JavaScript SDK reference guide

The Datastore JavaScript Software Development Kit (JS SDK) provides the methods through which your JavaScript app (app) interacts with your Datastore blueprint and service.

This JS SDK reference guide documents how to configure your app to work with the JS SDK and your blueprint, as well as all methods available in the Datastore JS SDK.

Configuring the JS SDK and Datastore service in your app’s HTML files

Your JavaScript app’s HTML files need to incorporate the JS SDK (either for the Datastore local simulator or production service), as well as the main functionality of your app (e.g. main.js), which also configures the Datastore service, within either the <head/> or <body/> elements of these HTML files.

For a local simulation

The following code snippet demonstrates how to incorporate the simulation JS SDK and your app in an HTML file:

<html>
    ....
    <script src="https://sdk.datastore.squiz.cloud/js/sdk-simulator.js"></script> (1)
    <script src="./main.js"></script> (2)
    ....
</html>
1 Incorporates the JS SDK class that interacts with your Datastore local simulator, into your app’s HTML page/s.
2 Incorporates the functionality of your app (main.js) into its HTML page/s. Your app’s JavaScript code also needs to configure the Datastore service.

For your production service

The following code snippet demonstrates how to incorporate the production JS SDK and your app in an HTML file:

<html>
    ....
    <script src="https://sdk.datastore.squiz.cloud/js/sdk.js"></script> (1)
    <script src="./main.js"></script> (2)
    ....
</html>
1 Incorporates the JS SDK class that interacts with your Datastore production service, into your app’s HTML page/s.
2 Incorporates the functionality of your app (main.js) into its HTML page/s. Your app’s JavaScript code also needs to configure the Datastore service.

Configuring your Datastore service in your app

To use Datastore, your app must be configured with the URL of your Datastore service.

Assuming that your app (main.js) contains the configuration for your Datastore service, configure your Datastore service based on the following JavaScript declaration:

const settings = {
    serviceURL: '<Your Datastore service URL here>'
};

Instantiating the Datastore service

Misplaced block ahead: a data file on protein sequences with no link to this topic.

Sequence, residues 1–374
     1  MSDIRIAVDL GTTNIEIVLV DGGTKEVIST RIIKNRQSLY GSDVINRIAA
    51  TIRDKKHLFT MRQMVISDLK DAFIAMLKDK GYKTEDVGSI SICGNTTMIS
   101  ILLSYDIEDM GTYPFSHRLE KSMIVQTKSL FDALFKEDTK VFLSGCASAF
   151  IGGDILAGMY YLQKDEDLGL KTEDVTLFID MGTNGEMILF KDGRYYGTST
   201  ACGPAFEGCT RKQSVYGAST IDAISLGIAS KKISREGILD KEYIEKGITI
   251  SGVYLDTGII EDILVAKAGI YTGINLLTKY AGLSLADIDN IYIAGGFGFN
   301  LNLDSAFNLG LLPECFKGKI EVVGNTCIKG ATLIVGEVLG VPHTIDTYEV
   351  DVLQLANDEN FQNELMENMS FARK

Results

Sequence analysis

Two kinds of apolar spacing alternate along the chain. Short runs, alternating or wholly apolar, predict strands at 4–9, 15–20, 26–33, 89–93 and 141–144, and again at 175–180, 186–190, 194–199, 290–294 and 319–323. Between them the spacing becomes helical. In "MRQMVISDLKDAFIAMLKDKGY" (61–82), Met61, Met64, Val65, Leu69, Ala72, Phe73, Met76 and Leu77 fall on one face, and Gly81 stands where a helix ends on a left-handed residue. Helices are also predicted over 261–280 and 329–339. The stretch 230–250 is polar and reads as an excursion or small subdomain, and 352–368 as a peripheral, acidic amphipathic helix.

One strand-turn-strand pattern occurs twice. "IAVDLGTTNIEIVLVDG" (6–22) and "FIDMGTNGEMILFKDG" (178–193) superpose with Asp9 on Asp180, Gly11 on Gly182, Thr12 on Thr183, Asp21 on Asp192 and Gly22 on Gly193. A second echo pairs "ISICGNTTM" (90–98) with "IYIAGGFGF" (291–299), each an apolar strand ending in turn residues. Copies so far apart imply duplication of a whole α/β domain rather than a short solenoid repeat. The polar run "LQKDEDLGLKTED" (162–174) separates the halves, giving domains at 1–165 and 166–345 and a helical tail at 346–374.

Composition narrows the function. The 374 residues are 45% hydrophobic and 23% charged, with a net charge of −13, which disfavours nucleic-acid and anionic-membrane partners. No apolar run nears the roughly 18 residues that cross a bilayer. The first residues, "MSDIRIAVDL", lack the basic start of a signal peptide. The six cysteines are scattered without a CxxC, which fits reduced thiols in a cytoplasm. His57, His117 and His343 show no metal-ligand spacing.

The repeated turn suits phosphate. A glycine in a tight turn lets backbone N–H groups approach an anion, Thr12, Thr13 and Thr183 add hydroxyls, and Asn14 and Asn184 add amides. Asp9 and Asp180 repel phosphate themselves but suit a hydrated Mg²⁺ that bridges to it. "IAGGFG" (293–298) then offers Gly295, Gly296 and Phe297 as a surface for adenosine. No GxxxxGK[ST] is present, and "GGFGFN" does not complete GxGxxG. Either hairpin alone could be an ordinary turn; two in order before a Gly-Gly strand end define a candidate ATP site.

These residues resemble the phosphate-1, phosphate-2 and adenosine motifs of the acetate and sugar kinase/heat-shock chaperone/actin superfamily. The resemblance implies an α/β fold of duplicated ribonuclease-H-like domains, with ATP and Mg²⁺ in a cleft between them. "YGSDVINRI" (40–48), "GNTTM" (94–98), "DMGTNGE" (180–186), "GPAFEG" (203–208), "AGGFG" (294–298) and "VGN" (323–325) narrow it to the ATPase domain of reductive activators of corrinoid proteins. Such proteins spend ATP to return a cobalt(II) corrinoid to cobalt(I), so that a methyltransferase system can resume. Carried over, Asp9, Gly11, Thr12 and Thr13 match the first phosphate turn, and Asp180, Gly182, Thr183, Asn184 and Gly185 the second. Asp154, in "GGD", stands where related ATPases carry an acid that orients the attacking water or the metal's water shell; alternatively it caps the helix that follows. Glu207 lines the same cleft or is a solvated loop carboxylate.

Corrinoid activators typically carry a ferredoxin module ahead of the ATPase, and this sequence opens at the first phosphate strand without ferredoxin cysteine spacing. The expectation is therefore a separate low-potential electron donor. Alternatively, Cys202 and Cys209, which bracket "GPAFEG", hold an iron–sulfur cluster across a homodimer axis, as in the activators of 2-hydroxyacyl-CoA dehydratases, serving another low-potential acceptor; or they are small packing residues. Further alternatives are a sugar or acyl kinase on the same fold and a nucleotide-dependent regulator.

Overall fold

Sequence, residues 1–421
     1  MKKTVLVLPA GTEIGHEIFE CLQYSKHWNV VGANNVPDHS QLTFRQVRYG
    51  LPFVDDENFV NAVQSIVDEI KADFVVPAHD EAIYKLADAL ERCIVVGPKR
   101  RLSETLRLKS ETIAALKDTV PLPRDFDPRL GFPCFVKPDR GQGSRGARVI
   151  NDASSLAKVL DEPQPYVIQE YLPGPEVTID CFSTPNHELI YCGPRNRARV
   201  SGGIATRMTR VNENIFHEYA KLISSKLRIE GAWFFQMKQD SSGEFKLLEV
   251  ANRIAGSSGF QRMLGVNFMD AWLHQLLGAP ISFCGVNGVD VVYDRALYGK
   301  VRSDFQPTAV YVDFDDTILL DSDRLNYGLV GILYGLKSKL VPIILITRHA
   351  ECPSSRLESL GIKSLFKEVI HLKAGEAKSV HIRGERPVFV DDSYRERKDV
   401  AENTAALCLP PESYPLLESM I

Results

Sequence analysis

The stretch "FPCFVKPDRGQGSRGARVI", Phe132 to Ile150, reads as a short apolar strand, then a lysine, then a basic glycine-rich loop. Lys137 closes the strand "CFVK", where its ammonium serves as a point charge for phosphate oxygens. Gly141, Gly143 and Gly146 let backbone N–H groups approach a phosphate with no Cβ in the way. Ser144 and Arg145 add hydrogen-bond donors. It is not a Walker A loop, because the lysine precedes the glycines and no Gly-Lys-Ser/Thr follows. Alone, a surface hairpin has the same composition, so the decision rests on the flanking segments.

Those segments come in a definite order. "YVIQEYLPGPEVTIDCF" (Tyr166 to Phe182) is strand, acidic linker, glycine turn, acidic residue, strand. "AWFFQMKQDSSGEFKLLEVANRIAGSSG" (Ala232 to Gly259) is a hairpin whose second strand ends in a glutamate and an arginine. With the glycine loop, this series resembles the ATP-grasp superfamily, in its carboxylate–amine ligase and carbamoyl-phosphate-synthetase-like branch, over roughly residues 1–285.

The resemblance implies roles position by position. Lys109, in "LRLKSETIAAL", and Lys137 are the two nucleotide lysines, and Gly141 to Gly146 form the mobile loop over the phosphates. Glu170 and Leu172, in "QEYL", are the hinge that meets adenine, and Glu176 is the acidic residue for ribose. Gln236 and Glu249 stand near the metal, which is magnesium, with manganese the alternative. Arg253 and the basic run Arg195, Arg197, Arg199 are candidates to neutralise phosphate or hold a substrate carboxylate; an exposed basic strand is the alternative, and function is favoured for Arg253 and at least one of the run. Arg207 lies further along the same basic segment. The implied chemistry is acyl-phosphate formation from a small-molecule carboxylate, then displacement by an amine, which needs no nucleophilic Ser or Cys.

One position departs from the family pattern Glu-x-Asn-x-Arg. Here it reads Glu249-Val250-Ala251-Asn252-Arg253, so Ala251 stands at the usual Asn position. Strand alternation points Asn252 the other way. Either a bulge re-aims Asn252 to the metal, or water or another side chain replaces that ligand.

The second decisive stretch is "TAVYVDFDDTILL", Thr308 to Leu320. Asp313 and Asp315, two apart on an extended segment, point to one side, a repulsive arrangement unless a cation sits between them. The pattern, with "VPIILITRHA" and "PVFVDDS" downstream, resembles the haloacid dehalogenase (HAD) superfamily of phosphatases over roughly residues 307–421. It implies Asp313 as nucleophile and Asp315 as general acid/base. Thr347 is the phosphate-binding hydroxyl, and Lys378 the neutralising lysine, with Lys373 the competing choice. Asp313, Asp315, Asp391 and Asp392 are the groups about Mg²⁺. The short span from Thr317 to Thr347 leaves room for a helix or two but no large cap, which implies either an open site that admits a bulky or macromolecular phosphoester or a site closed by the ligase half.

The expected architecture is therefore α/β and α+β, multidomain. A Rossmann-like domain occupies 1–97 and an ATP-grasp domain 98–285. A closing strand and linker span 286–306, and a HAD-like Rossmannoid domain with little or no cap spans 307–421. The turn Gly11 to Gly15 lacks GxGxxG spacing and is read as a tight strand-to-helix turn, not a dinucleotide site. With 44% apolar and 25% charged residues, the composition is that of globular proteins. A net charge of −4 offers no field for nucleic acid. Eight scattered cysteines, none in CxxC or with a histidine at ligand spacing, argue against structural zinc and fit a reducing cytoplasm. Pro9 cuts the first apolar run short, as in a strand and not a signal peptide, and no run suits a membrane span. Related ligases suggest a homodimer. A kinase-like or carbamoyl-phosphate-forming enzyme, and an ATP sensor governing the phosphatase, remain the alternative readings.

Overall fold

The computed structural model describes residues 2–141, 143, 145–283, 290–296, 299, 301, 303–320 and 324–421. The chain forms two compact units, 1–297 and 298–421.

Your JavaScript app interacts with Datastore via an instance of your Datastore service.

There are two ways to instantiate your Datastore service object:

In your HTML source

In the HTML source, first incorporate the JS SDK (as described above), and then instantiate the Datastore service object:

<html>
    ....
    <script src="https://sdk.datastore.squiz.cloud/js/sdk-simulator.js"></script> (1)
    <script>
        const datastore = new Datastore(settings); (2)
    </script>
    ...
</html>
1 Incorporates the JS SDK class for your Datastore local simulator into your app’s HTML pages. Refer to the procedure above for details on how to configure the production JS SDK class into these pages.
2 JavaScript code to instantiate the Datastore service object, defined by the settings constant (above) in your JavaScript app (main.js).

In your app

In the JavaScript app (main.js), instantiate the Datastore service object, defined by the settings constant (above), using the following code:

const datastore = new Datastore(settings);

Standard methods

This section describes how to use the JS SDK’s methods in your app to interact with documents and collections in your Datastore service.

Be aware that since you create your own document and collection structures, as well as your blueprint’s API endpoints, the methods described in this section have been made generic to provide guidance on how you would create method calls using your own blueprints.

Unless otherwise specified, these methods operate the same way between the local simulator and production versions of the JS SDK class.

Getting a collection

The following code snippet shows the JS SDK call to retrieve a list of collections, where datastore is your instantiated Datastore service:

const getMyCollection = () => {
    datastore.collection('mycollection').get().then( (1)
        (mycollection) => {
            if (mycollection.length === 0) {
                ...
                // Code to handle what happens when there is no collection.